The Beginnings of Piezoelectricity, the first history of the subject, exhaustively examines how diverse influences led to the discovery of the phenomenon in 1880, and how they shaped subsequent research until the consolidation of an empirical and theoretical knowledge of the field circa 1895. Shaul Katzir's historical account shows that this 'mundane' science was an intriguing intellectual and practical enterprise, which involved originality, surprises and controversies.
1: The discovery of the piezoelectric effect.
2: The Road to the Descriptive Theory
3: Theories and models about the causes of the piezoelectric phenomena.
4: Theoretical elaboration of Voigt's theory.
5: Empirical work in the 1890s
Appendix. 1. Earlier appearances of electricity by pressure.
Appendix 2. Mathematical Works on Voigt's General Theory
Appendix 3. Voigt's Concepts of Electric Charge
Appendix 4. Tables
From the reviews:
"The subject is the study of piezoelectricity-the production of electric charge by mechanical pressure and its converse effect on certain crystals-from 1880 to 1900. ... In addition to illustrating the pretheoretical/theoretical division, Katzir makes it clear that the beginning of piezoelectricity can serve as a window on certain broad themes of nineteenth-century physics at the level of practice. ... it does make readers wonder what broad lesson can be learned from it." (Chen-Pang Yeang, ISIS, Vol. 102 (1), March, 2011)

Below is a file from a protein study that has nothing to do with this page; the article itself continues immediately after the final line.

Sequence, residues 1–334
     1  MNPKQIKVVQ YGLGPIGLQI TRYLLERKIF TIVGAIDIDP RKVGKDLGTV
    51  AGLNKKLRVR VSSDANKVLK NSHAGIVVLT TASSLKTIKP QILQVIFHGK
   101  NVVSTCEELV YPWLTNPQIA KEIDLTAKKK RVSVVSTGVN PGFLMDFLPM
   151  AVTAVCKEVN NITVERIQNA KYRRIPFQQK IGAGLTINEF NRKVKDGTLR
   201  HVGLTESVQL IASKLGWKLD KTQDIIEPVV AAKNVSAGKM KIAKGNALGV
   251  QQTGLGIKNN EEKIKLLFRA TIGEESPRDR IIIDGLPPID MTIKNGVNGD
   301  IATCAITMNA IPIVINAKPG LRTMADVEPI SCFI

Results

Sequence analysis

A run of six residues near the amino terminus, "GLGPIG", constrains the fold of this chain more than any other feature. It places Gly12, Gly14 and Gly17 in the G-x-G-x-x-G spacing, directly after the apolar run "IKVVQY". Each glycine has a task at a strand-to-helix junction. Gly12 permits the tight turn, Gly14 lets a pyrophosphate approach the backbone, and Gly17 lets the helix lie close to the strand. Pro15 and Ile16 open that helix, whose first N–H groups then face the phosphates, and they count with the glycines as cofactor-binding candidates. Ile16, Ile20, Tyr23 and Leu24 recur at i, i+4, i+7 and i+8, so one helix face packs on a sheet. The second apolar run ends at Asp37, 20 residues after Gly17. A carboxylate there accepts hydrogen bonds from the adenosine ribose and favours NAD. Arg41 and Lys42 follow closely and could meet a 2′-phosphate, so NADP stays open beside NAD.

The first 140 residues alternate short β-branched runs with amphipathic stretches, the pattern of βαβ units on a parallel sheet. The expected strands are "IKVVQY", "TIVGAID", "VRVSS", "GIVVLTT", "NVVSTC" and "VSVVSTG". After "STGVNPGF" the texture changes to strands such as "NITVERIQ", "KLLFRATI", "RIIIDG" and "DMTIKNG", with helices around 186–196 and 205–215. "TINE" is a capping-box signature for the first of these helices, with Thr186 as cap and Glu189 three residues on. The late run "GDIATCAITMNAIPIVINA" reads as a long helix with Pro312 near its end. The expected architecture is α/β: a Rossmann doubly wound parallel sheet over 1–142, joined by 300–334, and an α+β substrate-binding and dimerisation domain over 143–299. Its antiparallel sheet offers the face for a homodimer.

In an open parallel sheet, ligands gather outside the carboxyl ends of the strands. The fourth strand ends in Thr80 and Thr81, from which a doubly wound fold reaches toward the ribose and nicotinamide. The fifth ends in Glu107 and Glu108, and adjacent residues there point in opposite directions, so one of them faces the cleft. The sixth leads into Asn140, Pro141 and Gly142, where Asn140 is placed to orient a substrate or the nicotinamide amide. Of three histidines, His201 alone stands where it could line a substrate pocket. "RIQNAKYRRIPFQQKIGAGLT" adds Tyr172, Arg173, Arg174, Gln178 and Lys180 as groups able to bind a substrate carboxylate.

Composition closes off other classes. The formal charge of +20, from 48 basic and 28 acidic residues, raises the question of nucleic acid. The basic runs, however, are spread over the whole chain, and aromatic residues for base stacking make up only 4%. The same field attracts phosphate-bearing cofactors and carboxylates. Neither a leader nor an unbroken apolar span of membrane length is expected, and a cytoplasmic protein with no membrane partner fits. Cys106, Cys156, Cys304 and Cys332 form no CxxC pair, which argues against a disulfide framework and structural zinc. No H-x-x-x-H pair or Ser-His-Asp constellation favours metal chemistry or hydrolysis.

"Even though Shaul Katzir's The Beginnings of Piezoelectricity: A Study in Mundane Physics is published as part of the Boston studies in the Philosophy of Science series, it will also interest applied scientists and engineers working on modern aspects of piezoelectricity and electromechanical transduction in materials. ... is a useful and thought-provoking study of an often-neglected but exciting seminal field of material physics." (Reimund Gerhard, Physics Today, December 2007)
Über den Autor
Shaul Katzir is a historian of science. He teaches history of science [and general history] at Bar Ilan, Ben Gurion, and Tel Aviv universities, at the Hebrew university of Jerusalem and at the Academic College of Tel Aviv Jaffa.
The first history of the subject
Provides a detailed account of the genesis of a new technology
Explores the nature of scientific development, and the interplay of various approaches and philosophies
Provides an unusual perspective on late nineteenth century physics